Khipu Rendering


It’s difficult to understand a khipu from tables. A rendering is necessary. To render khipu adequately, there’s a list of must-haves and nice-to-haves.

Must Haves:

  1. Knots must be rendered correctly, including single knots (with the appropriate S/Z/Unknwn slash), long knots, figure-8 knots, etc
  2. Cords need to have their cord colors appropriately rendered including solid colors, barber-poles, mottled, striped, etc.
  3. Cords need to show their bias/ply (ie. S/Z) and their attachment type (up, verso, recto, etc.). We can do this through an attachment symbol
  4. Cords need to show their direction, top cords, pendant cords, top cords from down subsidiaries, etc.
  5. Cord clusters need to be indicated, at least at the top level
  6. Distances between cord clusters needs to be respected and shown
  7. Primary cords need to be rendered in a manner similar to normal cords (barberpole, striped, etc.)

Nice to Haves:

  1. Single Knot clusters should show their value, as well as other knots. The value should respect the color of the cord underneath (ie. white text on black cord, black text on white cord)
  2. Cord notes should be visible when you hover over the cord
  3. Cords whose value is the sum of adjacent cords/cord clusters should be noted as such
  4. Sometimes khipu kamayuq’s are off by one. (Such a familiar error to a programmer LOL). For example in Locke’s famous khipu UR166 the sum cord is 1417 instead of the correct value of 1517. It would be nice to note these.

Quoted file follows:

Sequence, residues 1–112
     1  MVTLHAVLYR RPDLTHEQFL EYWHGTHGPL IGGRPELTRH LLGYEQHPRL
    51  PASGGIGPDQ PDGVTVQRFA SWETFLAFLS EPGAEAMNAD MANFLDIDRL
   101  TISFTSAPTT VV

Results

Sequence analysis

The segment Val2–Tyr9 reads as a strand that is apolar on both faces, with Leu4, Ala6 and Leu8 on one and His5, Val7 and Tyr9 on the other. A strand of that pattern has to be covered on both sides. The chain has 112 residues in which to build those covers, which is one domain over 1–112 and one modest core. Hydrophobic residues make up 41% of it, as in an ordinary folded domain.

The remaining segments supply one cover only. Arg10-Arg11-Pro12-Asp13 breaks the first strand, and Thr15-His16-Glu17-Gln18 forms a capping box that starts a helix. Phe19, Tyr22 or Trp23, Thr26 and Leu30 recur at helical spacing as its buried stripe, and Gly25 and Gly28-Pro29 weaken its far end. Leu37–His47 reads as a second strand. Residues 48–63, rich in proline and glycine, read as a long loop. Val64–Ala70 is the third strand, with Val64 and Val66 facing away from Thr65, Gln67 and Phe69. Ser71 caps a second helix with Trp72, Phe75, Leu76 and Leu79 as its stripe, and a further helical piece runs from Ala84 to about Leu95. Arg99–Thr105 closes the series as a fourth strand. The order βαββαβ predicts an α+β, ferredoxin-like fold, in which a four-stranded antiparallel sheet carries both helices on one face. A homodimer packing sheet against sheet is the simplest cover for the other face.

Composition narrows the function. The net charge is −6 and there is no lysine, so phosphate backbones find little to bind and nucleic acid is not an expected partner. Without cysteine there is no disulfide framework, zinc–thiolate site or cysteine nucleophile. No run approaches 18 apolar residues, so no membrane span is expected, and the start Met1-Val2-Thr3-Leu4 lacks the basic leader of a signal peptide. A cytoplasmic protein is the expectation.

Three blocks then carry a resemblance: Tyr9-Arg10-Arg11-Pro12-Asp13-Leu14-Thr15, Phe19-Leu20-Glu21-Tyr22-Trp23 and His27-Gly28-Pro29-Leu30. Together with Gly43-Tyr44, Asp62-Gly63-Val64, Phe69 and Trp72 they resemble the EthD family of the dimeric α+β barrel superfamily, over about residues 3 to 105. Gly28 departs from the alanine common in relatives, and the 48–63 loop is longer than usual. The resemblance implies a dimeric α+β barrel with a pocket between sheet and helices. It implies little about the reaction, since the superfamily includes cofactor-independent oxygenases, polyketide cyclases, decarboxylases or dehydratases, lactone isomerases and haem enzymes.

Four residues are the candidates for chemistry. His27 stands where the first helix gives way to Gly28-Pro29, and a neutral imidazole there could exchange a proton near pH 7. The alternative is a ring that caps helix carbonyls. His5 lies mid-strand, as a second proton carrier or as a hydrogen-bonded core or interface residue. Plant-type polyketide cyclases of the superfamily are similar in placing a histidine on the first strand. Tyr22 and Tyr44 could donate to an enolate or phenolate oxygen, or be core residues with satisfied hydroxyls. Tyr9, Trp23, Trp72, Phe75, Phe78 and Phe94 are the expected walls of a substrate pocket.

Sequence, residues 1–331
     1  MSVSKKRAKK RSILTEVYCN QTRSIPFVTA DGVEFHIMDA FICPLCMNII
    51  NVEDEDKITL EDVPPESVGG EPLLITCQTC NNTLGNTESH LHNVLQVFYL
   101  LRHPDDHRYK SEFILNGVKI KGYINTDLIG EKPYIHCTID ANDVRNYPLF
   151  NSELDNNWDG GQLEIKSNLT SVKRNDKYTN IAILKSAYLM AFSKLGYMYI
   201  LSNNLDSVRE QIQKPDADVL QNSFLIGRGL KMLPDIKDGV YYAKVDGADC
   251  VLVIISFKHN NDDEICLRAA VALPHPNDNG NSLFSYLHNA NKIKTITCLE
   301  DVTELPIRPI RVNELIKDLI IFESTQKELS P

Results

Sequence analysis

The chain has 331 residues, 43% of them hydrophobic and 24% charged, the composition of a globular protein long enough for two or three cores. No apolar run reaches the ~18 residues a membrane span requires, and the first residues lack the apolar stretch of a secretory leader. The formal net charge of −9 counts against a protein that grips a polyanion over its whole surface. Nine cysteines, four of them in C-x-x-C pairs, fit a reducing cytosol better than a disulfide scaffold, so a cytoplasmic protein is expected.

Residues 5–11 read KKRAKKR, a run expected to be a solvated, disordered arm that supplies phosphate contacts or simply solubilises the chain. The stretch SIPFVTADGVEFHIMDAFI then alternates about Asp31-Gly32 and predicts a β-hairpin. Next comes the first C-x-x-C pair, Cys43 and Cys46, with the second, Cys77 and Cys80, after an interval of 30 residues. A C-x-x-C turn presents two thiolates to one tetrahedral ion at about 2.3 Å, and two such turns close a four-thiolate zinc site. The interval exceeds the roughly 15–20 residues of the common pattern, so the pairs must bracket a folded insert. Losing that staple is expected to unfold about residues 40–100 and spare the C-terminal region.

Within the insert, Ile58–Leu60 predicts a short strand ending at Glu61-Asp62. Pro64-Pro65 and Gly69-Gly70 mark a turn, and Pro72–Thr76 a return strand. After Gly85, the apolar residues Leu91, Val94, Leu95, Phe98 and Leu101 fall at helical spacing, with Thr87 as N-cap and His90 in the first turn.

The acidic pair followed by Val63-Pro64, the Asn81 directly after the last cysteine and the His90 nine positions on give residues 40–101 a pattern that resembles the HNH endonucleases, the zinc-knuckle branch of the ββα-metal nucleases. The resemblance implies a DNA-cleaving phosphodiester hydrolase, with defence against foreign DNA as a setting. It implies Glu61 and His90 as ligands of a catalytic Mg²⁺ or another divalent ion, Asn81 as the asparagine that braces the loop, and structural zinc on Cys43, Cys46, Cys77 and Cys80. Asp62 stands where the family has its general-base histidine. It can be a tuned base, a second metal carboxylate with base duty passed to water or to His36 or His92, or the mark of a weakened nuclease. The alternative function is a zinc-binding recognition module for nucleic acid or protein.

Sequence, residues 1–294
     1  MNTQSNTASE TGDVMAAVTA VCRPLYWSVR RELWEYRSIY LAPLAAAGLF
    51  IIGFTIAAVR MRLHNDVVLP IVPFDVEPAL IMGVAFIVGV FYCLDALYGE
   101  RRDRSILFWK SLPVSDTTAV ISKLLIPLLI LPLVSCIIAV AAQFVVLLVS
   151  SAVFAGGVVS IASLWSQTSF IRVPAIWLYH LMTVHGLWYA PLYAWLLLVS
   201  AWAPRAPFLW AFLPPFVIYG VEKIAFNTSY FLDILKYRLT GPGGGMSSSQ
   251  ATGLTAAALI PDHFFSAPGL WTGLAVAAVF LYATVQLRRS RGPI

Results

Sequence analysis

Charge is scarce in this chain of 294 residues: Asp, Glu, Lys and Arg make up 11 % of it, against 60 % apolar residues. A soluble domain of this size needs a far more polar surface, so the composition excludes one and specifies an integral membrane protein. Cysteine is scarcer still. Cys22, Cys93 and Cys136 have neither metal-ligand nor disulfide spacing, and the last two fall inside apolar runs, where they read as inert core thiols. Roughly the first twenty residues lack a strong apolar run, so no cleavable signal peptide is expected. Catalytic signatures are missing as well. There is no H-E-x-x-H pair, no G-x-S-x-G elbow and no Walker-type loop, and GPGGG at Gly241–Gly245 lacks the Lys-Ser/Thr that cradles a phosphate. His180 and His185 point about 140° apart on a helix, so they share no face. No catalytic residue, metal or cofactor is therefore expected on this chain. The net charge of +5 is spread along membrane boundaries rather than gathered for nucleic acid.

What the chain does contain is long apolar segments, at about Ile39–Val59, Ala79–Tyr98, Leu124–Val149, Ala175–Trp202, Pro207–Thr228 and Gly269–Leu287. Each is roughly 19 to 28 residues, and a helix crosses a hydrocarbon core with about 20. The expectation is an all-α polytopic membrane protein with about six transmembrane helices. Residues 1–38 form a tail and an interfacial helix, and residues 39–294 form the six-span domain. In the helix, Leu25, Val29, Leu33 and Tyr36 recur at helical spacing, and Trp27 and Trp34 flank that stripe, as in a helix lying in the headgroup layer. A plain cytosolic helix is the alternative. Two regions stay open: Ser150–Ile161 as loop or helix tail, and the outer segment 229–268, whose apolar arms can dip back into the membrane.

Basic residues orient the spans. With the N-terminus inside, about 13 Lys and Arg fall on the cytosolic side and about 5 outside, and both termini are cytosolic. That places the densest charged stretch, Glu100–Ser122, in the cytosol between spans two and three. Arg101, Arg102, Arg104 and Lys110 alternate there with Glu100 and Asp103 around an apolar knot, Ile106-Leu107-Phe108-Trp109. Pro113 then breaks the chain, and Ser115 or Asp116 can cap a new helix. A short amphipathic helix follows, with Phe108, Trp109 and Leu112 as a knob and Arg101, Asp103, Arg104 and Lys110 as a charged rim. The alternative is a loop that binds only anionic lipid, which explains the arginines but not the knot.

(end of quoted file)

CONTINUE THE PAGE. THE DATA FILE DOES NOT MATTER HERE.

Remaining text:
5. Cords should show a common naming cord identifier such as p3s4s1 for pendant and subsidiary cords. Sometimes branching is subtle, and a branch identifier at the end of the cord helps to notice that it is a subsidiary cord.
  6. It is easier on computer screens to scroll vertically than horizontally. It is also easier to read text horizontally. It would be nice to view khipu in a “tall/portrait” mode, with pendant cords on the right, and top cords on the left, as well as the traditional “wide/landscape” mode.

SVG - Vector Graphics

With that preliminary list of requirements let’s start by explaining the code:

In the python OODB class library, there is a base graphics “class” called a KhipuTullpu (Tullpu being the Quechua word for paint, although maybe technically it should be called a tullpuchik, one-who-paints). It is the geometry expert providing support for translation,scaling, points, boxes, etc., and for drawing basic SVG objects.

Every object that inherits from a KhipuTullpu has bounds box, SVG drawing abilities, the ability to transform and do vector math, etc. So cords can draw themselves, knots, can draw themselves, etc.

I chose SVG as the drawing file format because I wanted a vector-based graphics output (as opposed to raster-based), with all the crispness that it brings, and I wanted to add the ability to hover over cords and have their cord info show up. Sadly, very late in the game so to speak, I discovered that only the Mozilla Firefox and Safari web browsers have proper SVG support. I had to change direction.

Existing open source software to convert SVGs to raster-based PNGs, such as CairoSVG, offered only low-quality images. To save the SVG files in high-quality PNG and JPG format, I ended up having to use AppleScript combined with (proprietary) Adobe Illustrator’s SVG import. Unfortunately VERY large khipus, AS069 for example with 1831 cords break PNG bounds and JPG bounds and Adobe Illustrator will error out. What to do?